And so we begin again. This Shabbat, we meet creation again. The timeless repetition of the text that can transform and renew each of us. We begin that next chapter of our life’s scroll. As you know, there are so many themes in this opening portion of Torah. The creation stories, the epic challenge of God’s first question in Genesis 3 (“ayeka: where are you?) and ethical questions that arise from Cain and Abel. However, I want to point out one of my favorite verses, a word actually, that I think speaks to our generation. In Genesis [2:18] we read that “it is not good for man to be alone”. The context of this verse is the 2d creation story, and after all has been created, God realizes that while everything that has been created has been deemed “good”, the only thing that is not good is that Adam is “l’vado”, alone.
A comment in the Conservative movement’s “Etz Hayim” reminds us that this is addressed to human loneliness, “the absence of human association”. This one word, “l’vado”, is a sermon unto itself, for it really does speak to a reality that haunts us as we get older; that of being isolated and alone. It is one of our society’s greatest challenges, this deficit of human association as someone ages. We fear being alone as we age and even dying alone in some antiseptic “facility”. Study after study has confirmed that social interaction is a key to healthy aging and that the more isolated on is, or feels they are, the greater the possibility for illness, depression and death. Isolation and mental health concerns seem to go hand in hand as one ages.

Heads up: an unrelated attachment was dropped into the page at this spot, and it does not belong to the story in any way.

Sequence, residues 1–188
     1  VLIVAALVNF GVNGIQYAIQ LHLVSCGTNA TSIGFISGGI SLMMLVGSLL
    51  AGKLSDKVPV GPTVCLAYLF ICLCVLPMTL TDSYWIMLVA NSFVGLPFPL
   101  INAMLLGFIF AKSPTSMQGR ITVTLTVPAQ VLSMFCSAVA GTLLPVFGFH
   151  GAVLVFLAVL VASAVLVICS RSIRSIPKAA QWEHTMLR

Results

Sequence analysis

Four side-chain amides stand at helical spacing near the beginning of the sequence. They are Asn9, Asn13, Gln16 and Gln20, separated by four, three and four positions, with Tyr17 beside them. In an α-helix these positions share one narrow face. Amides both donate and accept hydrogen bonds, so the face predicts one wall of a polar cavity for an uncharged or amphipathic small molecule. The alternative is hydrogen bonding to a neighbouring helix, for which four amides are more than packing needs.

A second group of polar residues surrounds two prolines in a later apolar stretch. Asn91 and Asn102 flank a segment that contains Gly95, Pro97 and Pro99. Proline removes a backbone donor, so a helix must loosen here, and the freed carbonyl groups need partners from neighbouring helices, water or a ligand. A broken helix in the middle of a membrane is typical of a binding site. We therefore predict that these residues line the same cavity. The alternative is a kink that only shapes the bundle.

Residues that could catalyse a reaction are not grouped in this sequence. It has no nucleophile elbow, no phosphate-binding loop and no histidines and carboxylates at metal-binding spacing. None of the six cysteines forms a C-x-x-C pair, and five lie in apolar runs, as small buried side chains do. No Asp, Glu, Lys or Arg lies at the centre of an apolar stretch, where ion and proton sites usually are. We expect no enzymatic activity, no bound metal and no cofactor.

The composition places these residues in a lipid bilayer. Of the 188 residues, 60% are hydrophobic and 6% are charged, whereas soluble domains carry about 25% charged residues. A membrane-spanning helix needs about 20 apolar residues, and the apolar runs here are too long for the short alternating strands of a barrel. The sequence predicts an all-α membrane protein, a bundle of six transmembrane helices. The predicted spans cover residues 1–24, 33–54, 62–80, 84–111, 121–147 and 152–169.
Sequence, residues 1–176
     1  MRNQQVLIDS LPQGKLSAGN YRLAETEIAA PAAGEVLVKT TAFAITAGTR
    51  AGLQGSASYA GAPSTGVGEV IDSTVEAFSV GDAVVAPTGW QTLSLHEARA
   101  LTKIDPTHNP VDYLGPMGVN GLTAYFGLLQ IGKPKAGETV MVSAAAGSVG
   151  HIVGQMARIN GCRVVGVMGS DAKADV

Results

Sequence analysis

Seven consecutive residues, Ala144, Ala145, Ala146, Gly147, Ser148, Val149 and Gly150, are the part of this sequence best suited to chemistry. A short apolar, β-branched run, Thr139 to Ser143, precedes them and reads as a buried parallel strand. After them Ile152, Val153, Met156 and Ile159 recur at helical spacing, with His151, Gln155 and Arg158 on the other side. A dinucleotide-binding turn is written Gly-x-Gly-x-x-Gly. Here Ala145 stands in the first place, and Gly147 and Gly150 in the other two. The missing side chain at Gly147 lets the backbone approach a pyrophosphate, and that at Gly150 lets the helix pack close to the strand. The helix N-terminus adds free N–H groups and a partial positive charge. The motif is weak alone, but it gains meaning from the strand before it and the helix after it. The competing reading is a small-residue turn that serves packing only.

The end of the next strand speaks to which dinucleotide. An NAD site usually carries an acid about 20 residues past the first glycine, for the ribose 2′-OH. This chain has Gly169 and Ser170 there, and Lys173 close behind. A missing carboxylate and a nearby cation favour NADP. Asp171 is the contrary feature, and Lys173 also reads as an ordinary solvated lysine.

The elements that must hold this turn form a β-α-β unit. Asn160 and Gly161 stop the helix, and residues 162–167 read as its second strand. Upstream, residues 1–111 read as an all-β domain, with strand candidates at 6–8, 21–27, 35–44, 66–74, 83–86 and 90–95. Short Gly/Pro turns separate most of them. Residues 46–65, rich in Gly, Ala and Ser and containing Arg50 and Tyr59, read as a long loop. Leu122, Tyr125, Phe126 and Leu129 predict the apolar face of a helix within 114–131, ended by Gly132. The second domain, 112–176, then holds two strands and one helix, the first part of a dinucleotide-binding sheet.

This “l’vado” reality is a real challenge for our congregations as well. Increasingly we see people living alone, or confined to facilities in which some may rarely get friends or family to engage in caring visits. As the population ages, one of our questions will continue to be how we as a religious community, reach out and care for those of our community who are alone, isolated and unable to fully participate in communal life.
Finally, there is the existential aloneness that inhabits so many. This was described as a type of “existential isolation”. In his “Staring at the Sun” Irvin Yalom describes this “l’vado” as a “consequence not only of each of us having been thrown alone into existence and having to exit alone, but derives from the fact that each of us inhabits a world fully known only to ourselves” (121). Is this fear of being alone based on the fear of our ultimate state of “l’vado”, that of death? Do we know people who live isolated and in their own world?
The theme of creation that marks this first Torah portion also calls on us to create as many social connections as possible and to continue to nurture these connection, no matter what our age. This can be a time of profound personal growth and creativity, a time that is enhanced by our widening social circles, not withdrawing into old ones. In doing this, in seeking to nurture old connections and establish new ones, we can better understand that verse in [2:18], that it is not “good” for any of us to be “l’vado”.
Rabbi Richard F Address